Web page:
WE’VE asked and they’ve answered.
Are craft brands taking over? Is everything going to end up on tap? From what they wish would go away, to what they’re most excited about, think of this as your cheat sheet to trends. We uncover what’s hot and what’s not in beer, wine and spirits for 2O13 from a broad range of industry professionals at 13 Boston area bars and restaurants.
In this industry, keeping up with brand introductions can be mind-boggling. From flavors to regions to styles, there’s something new to taste every day. Figuring out what drives your customers through the door, opens their wallets and brings them back for more can require a PhD in bar psychology. Luckily, with the collective wisdom of industry veterans, we learn a bit more about what’s taking shape behind the bar.
Move over white spirits; brown goods are taking over. Whether a small batch bourbon, spicy rye or single malt Scotch, bartenders are seeing a rise in whiskey, for sipping and in throwback cocktails like the Old Fashioned and Manhattan. Tom Tellier, says, “People are really getting back into brown spirits. There are so many small batch distilleries emerging from all over the country with quality spirits. The big boys are trying to stay competitive by releasing alternate versions of their original blends. Brown spirits are huge, and very mixable. A lot of bartenders are really getting creative with these.” Indeed, a host of new products have hit the shelves, offering more choices in everything from wood finish to higher proof.
While brandy struggles, premium Cognac is growing and becoming a bar staple. “I think the legitimacy of Cognac as a mixable base spirit is going to start to shine through in dark spirit based cocktails (i.e. the Sazerac, the Old Fashioned, etc.) and the conversation will expand from ‘would you like Rye or Bourbon’ to ‘would you like Rye, Bourbon or Cognac?’,” says Vikram Hegde.
Indeed, the bar industry sees good things happening for the Rye category. Jason Babb remarks, “Going into 2O13, based on 2O12 late-in-the-year trends, there’s a major insurgence in the interest for rye whiskey. Not your grandfather’s jug of rye, but rye classic cocktails (i.e. Sazerac), high end ryes (Pappy Van Winkle) and simple rye drinks. We’ve recently added a low end, a mid range and a high end rye.”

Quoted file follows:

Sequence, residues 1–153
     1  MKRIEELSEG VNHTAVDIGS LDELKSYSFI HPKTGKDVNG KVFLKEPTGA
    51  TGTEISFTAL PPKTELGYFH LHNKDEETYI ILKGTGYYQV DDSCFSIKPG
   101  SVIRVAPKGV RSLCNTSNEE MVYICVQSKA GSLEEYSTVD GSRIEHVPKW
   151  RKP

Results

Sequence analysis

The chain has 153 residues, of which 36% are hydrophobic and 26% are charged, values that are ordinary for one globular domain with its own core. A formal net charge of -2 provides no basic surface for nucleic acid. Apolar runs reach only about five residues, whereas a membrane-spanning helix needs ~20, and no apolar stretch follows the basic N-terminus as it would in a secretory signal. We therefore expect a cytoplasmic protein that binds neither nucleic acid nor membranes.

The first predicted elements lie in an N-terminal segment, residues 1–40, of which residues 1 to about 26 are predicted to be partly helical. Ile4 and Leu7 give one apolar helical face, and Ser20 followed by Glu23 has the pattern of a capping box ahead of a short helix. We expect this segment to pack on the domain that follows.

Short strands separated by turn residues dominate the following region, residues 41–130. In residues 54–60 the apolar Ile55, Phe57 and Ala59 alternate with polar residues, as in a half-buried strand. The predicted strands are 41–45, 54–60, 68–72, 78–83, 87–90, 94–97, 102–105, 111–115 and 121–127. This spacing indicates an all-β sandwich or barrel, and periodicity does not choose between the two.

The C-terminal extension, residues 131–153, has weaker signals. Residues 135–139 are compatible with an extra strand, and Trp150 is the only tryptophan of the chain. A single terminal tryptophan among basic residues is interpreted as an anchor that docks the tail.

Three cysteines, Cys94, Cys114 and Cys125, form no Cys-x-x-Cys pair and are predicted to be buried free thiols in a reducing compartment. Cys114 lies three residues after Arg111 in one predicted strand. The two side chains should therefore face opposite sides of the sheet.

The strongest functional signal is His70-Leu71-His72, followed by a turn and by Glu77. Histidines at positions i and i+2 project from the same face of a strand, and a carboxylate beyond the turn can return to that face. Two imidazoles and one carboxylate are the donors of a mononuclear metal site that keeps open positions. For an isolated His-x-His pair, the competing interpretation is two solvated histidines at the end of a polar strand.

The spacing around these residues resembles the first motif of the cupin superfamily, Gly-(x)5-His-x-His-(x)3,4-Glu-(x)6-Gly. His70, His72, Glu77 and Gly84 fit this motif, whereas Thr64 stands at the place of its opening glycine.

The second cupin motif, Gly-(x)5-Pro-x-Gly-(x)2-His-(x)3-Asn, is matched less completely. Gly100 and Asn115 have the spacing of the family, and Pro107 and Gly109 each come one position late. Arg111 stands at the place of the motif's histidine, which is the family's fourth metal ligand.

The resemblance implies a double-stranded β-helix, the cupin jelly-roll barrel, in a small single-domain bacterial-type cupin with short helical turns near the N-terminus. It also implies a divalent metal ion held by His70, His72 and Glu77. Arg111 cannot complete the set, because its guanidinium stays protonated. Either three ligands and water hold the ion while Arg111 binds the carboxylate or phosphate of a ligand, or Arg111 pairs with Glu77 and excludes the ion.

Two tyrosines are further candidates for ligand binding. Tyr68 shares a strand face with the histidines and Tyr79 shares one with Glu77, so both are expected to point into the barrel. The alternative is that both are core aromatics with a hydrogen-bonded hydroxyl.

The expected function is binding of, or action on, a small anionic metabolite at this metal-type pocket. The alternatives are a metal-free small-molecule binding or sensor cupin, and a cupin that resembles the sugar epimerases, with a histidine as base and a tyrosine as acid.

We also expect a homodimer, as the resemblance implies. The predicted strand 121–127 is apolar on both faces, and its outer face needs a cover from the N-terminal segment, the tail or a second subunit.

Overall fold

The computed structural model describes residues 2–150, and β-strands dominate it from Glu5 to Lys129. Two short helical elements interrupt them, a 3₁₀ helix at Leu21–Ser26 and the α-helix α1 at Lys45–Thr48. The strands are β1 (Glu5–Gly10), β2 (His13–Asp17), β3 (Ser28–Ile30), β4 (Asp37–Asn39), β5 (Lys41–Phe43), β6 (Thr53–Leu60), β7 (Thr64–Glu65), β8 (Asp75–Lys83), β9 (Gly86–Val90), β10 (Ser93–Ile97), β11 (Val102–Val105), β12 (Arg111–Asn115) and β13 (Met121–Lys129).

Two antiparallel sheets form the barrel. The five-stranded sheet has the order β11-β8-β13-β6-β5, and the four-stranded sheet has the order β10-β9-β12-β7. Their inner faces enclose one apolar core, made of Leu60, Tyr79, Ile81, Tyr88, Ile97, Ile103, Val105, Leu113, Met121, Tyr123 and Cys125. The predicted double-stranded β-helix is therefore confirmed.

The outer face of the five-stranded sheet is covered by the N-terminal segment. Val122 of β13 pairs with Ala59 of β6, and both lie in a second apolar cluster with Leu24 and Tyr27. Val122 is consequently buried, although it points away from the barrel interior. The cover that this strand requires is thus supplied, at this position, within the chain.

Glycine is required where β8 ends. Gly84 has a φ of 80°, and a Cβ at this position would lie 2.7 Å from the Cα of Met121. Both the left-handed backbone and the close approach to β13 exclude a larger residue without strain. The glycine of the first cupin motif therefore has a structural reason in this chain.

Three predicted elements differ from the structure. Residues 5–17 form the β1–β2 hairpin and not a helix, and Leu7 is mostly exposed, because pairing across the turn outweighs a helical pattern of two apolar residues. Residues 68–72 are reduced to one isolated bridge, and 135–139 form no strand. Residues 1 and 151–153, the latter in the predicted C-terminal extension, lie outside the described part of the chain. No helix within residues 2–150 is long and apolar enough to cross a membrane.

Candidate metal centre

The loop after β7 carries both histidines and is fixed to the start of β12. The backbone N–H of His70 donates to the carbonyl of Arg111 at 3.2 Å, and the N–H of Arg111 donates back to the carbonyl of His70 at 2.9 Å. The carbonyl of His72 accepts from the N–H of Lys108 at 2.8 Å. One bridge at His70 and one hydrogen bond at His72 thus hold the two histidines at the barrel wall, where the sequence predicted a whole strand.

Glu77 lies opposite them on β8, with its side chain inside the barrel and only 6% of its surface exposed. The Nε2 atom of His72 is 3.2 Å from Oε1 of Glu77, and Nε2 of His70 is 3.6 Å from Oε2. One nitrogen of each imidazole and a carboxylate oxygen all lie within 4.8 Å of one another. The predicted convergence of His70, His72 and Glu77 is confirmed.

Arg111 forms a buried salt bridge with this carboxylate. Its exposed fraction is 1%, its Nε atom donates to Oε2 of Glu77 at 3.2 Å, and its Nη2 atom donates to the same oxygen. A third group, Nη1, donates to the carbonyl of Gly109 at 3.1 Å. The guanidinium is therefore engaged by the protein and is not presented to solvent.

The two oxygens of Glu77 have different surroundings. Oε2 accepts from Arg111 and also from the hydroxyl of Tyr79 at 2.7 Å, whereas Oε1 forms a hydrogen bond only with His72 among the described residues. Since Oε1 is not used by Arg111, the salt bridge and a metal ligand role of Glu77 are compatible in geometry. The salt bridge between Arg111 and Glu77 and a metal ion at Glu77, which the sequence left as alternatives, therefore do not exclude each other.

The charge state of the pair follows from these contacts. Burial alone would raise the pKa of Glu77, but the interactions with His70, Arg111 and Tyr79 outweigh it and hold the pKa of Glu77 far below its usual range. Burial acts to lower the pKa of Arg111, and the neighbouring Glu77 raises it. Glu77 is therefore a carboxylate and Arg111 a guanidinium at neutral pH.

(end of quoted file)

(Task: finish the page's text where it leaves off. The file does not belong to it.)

Cited as the top drink menu trend by 2OO United State’s Bartender Guild members in a recent National Restaurant Association survey, barrel-aged drinks are continuing to gain traction. Our own Boston-area bartenders have been experimenting with aging everything from a Negroni to signature cocktails containing Pisco. Tellier says the possible combinations are endless. “You can have all different types of wood, all different types of alcohols. I don’t think we have reached a limit on this yet.”
What was once a novel concept – spirit and wine on tap – has now become commonplace. Even cocktails are being batched and dispensed through a keg system. However, there is much debate on the topic. When polled, bartenders were evenly divided, some pointing out the benefits: economical, eco-friendly, inventory management, less breakage, and the ability to keep wines – in particular – fresh and servable.
At Area Four in Boston, all of the wines are on tap. Rob Macey says, “In my experience, everybody wants something new. Tapped wine and spirits are a natural conversation starter. Sure, you’re not going to find an ’82 Bordeaux in an aluminum keg, but you can find more recent vintages of some interesting wines across the world. Spirits on tap intrigue me, too. I haven’t tried doing it yet, but I’m sure it would get people talking, as all over Boston tales are told of the Fernet Branca tap at Citizen Public House.”